Take the 2-minute tour ×
Stack Overflow is a question and answer site for professional and enthusiast programmers. It's 100% free, no registration required.

I am trying to have a client send a command to my service, that command being "R". But when I try to make an IF statement it will not register the "R" that came in via TCP as being equal to a string R that I have made in my program. Here is some of my code.

    byte[] message = new byte[1024];
        byte[] command = Encoding.ASCII.GetBytes("R");
        stream.Read(message, 0, message.Length);
        string messageIn = Encoding.ASCII.GetString(message);
        //updateUI("New Message =  " + messageIn);
        string commandString = Encoding.ASCII.GetString(command);

         if (Encoding.ASCII.GetString(message) == Encoding.ASCII.GetString(command))

As you can see, I was of the impression that taking "R" into bytes and then out of bytes would have caused this problem hence the giant if statement. However not a single one of these conditions returns true as my if block never runs.

I know that it is returning "R" because when I output it to a textbox, that is what gets printed. Is the very act of transfering it VIA tcp changing the string somehow?

share|improve this question
1  
This code really makes no sense at all. How would it ever be possible that e.g. message == command? The fact that this is a reference comparison and thus guaranteed to be false no matter what you try notwithstanding, those two arrays don't even have the same contents! Are you just randomly spamming comparisons? Please take out all the senseless parts of the code and leave only what is relevant to your question (which you also need to clearly state). –  Jon Mar 13 '14 at 15:15
2  
Use the debugger to see what's in your message array after the call to stream.Read() –  Luc Morin Mar 13 '14 at 15:19
    
I am getting a string "R" that was encoded into a byte[] and sent over stream. That byte[] is message. I want to check if that byte[] converted back into a string with Encoding.ASCII.GetString(message) is equal to "R". –  BurntCandy Mar 13 '14 at 15:23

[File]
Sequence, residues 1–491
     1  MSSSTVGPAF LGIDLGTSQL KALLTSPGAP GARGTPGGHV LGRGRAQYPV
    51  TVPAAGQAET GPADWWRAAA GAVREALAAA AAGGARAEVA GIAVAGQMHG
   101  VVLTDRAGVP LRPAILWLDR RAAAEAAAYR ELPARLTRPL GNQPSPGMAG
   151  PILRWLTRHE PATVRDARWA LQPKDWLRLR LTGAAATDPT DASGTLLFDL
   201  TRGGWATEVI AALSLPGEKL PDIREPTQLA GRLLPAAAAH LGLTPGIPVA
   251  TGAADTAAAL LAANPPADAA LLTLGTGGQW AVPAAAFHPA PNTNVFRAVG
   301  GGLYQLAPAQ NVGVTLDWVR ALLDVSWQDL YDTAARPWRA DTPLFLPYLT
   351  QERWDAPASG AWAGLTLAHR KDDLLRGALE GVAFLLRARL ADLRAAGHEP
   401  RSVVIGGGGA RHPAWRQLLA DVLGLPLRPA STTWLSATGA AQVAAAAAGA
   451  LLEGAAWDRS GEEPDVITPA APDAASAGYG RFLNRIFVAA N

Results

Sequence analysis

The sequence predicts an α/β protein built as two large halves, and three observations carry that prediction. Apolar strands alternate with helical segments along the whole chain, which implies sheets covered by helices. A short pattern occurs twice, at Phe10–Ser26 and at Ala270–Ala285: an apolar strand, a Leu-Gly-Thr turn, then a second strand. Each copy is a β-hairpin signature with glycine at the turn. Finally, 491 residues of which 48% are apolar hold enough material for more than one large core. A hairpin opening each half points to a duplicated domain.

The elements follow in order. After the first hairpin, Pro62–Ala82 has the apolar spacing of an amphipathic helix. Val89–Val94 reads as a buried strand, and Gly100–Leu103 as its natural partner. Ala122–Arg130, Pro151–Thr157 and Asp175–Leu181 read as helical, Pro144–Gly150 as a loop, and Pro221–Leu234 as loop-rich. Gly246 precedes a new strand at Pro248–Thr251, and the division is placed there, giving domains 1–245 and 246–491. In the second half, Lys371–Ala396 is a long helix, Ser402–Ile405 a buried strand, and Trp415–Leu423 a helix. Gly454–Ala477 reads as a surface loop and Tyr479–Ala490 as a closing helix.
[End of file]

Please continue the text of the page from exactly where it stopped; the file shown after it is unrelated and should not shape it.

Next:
Just checked the debugger, byte [0] is 82 and the rest of the bytes are 0 –  BurntCandy Mar 13 '14 at 15:26

1 Answer 1

up vote 6 down vote accepted

Aside from the vast number of pointless comparisons you're making, the first problem is that you're ignoring the result of Stream.Read... and instead creating a string out of the whole 1024 bytes within message. If you change it to:

int bytesRead = stream.Read(message, 0, message.Length);
string messageIn = Encoding.ASCII.GetString(message, 0, bytesRead);

... then you'd be in a much better position. However, that's probably still not good enough, unless that's all that's going to be sent. You're dealing with a stream, but I suspect you're thinking about it as if it's message-oriented - as if a single Write on one end of the connection will map to a single Read on the other end. That's not how stream-oriented protocols work. If you have a logical "message" then when reading from the stream you might end up with part of a message, multiple messages, anything. Common ways of fixing this are:

  • Include a length prefix before each message
  • Use a separator (e.g. a line break for text-based protocols)

See Marc Gravell's blog post on this for more details.

Additionally, if your protocol is text-based, it would be a good idea to create a StreamReader around the stream so that you can just read text (e.g. a line at a time) instead of converting all over the place.

share|improve this answer
    
that works a whole lot better, thank you! I don't know if you are the same guy but I'm pretty sure I have watched a video series by you on pluralsight. –  BurntCandy Mar 13 '14 at 15:31
    
@BurntCandy: If it's someone with my name, then yes, that's me :) –  Jon Skeet Mar 13 '14 at 15:35

Your Answer

 
discard

By posting your answer, you agree to the privacy policy and terms of service.

Not the answer you're looking for? Browse other questions tagged or ask your own question.